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Off the top
Signal vs. Noise
UIDesigner points to The Tao of ROI, a must-read article for UX types looking to communicate business value. The key take away for me, something I’ve had a gut feeling for, but never articulated, is that the value of an ROI exercise is in the process, not the result.
This underscores some of the lessons in Adaptive Path’s recent ROI report, where the process and discipline of measurement and accountability are what distinguish one organization from another, rather than simply projected outcomes.
Adaptive Path's Scott Hirsch riffs on a BayCHI ROI presentation from Oracle's Dan Rosenberg that we previously linked up on ia/.
BayCHI presentation from Oracle's Daniel Rosenberg puts common ROI approaches through the wringer. The thing that stands out for me is that ROI calculations don't include any consideration of the end user - if the product costs more to own, but the company makes back its money faster, then ROI suggest that this is the right decision - even though long term sustainability might be compromised.
The Dublin Core 2003 Conference is currently going on in Seattle this week. A couple of the attendees and I will be sharing our notes(and photos) when we've recovered(it's actually still going on). But until then, enjoy the conference proceedings online.
Report Review: Nielsen/Norman Group's Usability Return on Investment - In the business world, user experience endeavors are typically seen as a cost—a line item expense to be minimized to the greatest extent possible while still remaining competitive. This has led to a number of essays, articles, and books on proving the value of user experience, including a recent report by the Nielsen Norman Group.
Much more than a summary of the NNGroup ROI report, Peterme and Scott Hirsch outline key considerations for evaluating Return on Investment, and in the process discover some shortcomings of the NNGroup approach.
The Centers for Disease Control offer a short summary of the benefits of user-centered design (22kb PDF). It's four pages of collected UCD benefit wisdom, from Tom Landauer, Susan Dray, etc. that offers a quick hit for explaining advantages of the UCD approach.
Jakob Nielsen tackles the question Do Productivity Increases Generate Economic Gains? I've been thinking about this because of this article: Time saved—a misleading justification for KM
It makes sense to save the user's time, but the justification of the Knowledge Management system ultimately has to be demonstrated by better decisions and improved performance.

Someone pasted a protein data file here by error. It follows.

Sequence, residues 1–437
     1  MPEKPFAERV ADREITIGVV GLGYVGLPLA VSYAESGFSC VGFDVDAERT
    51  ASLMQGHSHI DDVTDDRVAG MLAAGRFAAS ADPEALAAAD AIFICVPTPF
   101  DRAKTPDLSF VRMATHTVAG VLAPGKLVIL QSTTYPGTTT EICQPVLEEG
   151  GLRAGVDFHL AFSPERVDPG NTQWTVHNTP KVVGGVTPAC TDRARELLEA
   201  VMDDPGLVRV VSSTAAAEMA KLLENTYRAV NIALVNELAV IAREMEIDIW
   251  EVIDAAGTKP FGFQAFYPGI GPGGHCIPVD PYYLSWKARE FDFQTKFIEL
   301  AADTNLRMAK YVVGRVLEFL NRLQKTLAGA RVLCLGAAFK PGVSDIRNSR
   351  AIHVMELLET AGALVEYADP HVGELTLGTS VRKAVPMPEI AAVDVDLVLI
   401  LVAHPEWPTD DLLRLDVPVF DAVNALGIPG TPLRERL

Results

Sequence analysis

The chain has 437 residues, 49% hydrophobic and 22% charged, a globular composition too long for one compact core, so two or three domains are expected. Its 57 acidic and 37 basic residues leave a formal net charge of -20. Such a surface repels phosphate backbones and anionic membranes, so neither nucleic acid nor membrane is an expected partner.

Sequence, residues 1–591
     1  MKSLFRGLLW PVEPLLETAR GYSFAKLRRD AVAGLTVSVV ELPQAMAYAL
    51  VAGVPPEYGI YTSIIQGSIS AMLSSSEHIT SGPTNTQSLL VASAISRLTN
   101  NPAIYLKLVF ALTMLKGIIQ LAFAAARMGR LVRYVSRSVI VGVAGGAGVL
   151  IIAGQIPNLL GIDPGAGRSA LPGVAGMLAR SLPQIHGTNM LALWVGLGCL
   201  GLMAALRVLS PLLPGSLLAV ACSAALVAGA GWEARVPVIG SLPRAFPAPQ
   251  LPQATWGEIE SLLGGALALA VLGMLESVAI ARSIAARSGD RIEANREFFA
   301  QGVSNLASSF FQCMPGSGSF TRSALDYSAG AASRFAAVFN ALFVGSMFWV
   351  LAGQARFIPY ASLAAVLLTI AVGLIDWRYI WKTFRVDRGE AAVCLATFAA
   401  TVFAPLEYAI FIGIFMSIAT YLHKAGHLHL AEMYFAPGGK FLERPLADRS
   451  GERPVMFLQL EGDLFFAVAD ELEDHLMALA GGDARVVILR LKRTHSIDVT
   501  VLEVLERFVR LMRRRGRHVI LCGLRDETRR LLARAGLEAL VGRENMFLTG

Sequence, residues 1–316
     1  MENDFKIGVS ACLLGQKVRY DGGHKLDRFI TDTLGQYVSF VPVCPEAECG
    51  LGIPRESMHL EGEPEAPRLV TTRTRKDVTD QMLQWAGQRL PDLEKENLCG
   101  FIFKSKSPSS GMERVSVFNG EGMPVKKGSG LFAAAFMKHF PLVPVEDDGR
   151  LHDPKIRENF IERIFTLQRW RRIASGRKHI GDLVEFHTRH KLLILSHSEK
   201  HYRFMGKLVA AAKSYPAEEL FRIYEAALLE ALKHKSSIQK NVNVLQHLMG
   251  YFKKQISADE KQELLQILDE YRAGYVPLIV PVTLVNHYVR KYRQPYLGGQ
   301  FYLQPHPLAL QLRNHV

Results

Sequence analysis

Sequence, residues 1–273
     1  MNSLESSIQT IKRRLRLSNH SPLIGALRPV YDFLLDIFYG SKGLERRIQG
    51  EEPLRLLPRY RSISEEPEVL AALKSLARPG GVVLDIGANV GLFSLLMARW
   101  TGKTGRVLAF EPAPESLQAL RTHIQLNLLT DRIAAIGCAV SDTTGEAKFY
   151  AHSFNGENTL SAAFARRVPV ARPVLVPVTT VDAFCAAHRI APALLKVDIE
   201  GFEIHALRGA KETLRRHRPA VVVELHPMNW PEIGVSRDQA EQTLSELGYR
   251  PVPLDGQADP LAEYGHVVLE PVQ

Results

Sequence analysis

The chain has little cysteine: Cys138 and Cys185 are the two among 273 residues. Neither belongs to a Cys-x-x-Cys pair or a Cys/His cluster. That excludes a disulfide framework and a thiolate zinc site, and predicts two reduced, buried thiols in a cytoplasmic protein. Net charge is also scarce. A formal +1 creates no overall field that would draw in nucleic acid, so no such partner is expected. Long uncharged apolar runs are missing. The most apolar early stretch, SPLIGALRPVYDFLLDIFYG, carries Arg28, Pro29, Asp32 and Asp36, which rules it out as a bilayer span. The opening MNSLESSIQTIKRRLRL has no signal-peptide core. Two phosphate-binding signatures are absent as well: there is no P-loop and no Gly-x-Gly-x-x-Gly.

Why? Because users satisfice at the typical 20-25% mark for information seeking, no matter how successful they are. Because of that, making the time = value equation may be too simplistic, as illustrated here. (Shockwave required, not recommended for dial-up)
There are some interesting thoughts on activities that don't fit traditional models for ROI. But in all of this, I wonder if the industry's focus on ROI is neglecting the users' perspective? What's in it for them? What about the users' Return On Experience? (the User ROX ;) It's only when a project generates ROI for the business, and 'ROX' for the users that it truly creates sustainable value.
From the latest Cooper Newsletter: Steve Calde has a good summary of the necessity of design research from a business perspective. Not a lot new here, but a nice way of putting things for those who need to convince clients, managers, or others of the value of design research. thanks Ben
The UPA has published a long list of return-on-investment and value-add factoids and snippets. thanks signal vs. noise.
Change Sciences has an archive of best practices whitepapers they've produced. Free registration required. Topics include writing for the web, navigation and orientation, search, checkout, user registration, and two interesting 'design paradoxes' articles. Most interesting to me is the recent task design article, and the two older, but still valuable ROI & Investing in User Experience papers.
Charles Mauro of Taskz will be publishing the white paper, "Professional Usability Testing and ROI For Web-based Products and Services." on Taskz.com soon and has subjected the paper to informal peer review. The paper explores, in detail, on-line and traditional lab-based testing methods and their impact on ROI for mission-critical web development projects. If you would like to send feedback to Charles, please contact me and I will forward his email address to you or you can post comments here as well.
New Alertbox on ROI.
Development projects should spend 10% of their budget on usability. Following a usability redesign, websites increase usability by 135% on average; intranets improve slightly less.
Glenn Gow talks about ROI in this two part series on Marketing Profs.
Many technology companies have developed Return on Investment (ROI) tools for their sales organizations. But while many have developed some type of ROI tool, very few would claim that they are winning significant business as a result. Here's why most approaches to ROI-based selling don't work, and provides a seven-step process to make it work in your company.
John S. Rhodes reviews Jakob's latest Alertbox, Intranet Usability: The Trillion-Dollar Question", where he says, "The average mid-sized company could gain $5 million per year in employee productivity by improving its intranet design to the top quartile level of a cross-company intranet usability study. The return on investment? One thousand percent or more.". The Alertbox shows some good recommendations based on usability tests done by NN/g. Rhodes is taking issue with his ROI figures, which make the claim that usability results in millions in savings per year. Rhodes says, "Jakob Nielsen is selling us a dream," that usability is the magic pill to cure all intranet ills.